I really don't know how long I want to stay. However, if I were to work my way up in Tokyo - to where I'm finally making decent money AND have sufficient time off while doing a job I like - it could potentially be for a while. The culture shock has pretty well gone, though it did return slightly during my initial time working in an actual Japanese school - didn't last all that long though. In general though, it seems as though Tokyo wouldn't lend itself to as much culture shock as living in the countryside (which I experienced myself). I quite like the idea of blending in a little more in a place like Tokyo.
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Sudz



Joined: 09 Aug 2004
Posts: 438

PostPosted: Thu Mar 03, 2016 12:14 pm    Post subject: Reply with quote

Oh and the private school job is solo teaching - no team teaching involved.
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RM1983



Joined: 03 Jan 2007
Posts: 360

PostPosted: Thu Mar 03, 2016 12:50 pm    Post subject: Reply with quote

Well with the leading the classes you might also have a better chance of doing some action research (?) - remember you might be needing publications to get a uni job
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currentaffairs



Joined: 22 Aug 2012
Posts: 828

PostPosted: Thu Mar 03, 2016 1:04 pm    Post subject: Reply with quote

To get by you would have to work some evenings, I think. The language school work and the business classes are all pretty much in the evening. You might be able to pick up some weekend work but if you are trying to fill out your week you can't be too picky at first. After a year or so you could decide what offers to take up..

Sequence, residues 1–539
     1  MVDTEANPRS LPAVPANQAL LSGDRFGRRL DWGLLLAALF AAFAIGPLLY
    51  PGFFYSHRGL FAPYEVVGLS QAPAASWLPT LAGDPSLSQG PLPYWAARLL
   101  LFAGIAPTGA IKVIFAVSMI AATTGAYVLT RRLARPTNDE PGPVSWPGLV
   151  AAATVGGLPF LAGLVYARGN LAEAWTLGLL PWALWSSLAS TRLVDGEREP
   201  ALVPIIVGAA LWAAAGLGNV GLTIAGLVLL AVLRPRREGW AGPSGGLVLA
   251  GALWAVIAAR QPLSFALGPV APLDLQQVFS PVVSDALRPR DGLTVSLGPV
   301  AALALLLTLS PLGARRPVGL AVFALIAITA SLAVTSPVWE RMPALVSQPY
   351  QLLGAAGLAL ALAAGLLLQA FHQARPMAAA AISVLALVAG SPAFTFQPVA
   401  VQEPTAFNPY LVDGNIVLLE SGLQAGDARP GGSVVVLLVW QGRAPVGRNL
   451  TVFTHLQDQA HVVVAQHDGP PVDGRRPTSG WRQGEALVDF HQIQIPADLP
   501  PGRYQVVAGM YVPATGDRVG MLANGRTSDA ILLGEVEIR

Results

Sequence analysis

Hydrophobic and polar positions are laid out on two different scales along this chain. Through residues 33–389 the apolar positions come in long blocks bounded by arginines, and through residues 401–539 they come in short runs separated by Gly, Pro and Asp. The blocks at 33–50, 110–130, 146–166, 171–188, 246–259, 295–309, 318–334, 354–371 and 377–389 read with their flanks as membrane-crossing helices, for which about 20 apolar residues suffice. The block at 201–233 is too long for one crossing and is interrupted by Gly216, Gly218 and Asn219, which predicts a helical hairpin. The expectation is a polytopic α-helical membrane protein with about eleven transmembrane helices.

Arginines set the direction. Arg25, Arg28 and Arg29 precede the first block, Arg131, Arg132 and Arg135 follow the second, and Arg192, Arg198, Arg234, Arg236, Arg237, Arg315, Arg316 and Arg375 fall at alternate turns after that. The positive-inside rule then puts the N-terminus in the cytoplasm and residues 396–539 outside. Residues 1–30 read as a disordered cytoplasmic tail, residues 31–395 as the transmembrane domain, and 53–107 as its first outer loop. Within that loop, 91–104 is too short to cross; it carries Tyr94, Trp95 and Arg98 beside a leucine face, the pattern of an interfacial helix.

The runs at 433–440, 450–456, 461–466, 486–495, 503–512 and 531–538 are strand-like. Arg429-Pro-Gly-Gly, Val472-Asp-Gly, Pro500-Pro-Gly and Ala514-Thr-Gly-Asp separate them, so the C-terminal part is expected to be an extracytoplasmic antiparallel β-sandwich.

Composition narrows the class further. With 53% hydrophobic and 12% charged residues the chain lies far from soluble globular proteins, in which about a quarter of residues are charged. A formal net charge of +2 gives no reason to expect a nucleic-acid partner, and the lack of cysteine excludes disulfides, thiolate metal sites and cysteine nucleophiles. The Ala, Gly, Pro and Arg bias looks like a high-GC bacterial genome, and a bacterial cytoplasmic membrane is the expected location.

I doubt you could neatly just fill in those 1.5 days in the week with additional work without working in the evening/weekend.
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Sudz



Joined: 09 Aug 2004
Posts: 438

PostPosted: Thu Mar 03, 2016 1:05 pm    Post subject: Reply with quote

How tough is it to get published btw? I know a lot will depend on the journal - though it seems as though many universities just want whatever you have (I could be completely wrong here)
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currentaffairs



Joined: 22 Aug 2012
Posts: 828

PostPosted: Thu Mar 03, 2016 1:28 pm    Post subject: Reply with quote

Check out JALT. They have a number of publications that will publish decent articles:

http://jalt.org/main/publications

It might also be useful to join up with a local chapter and network, etc. There are opportunities to do presentations and publish there as well.
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rtm



Joined: 13 Apr 2007
Posts: 1003
Location: US

PostPosted: Thu Mar 03, 2016 10:37 pm    Post subject: Reply with quote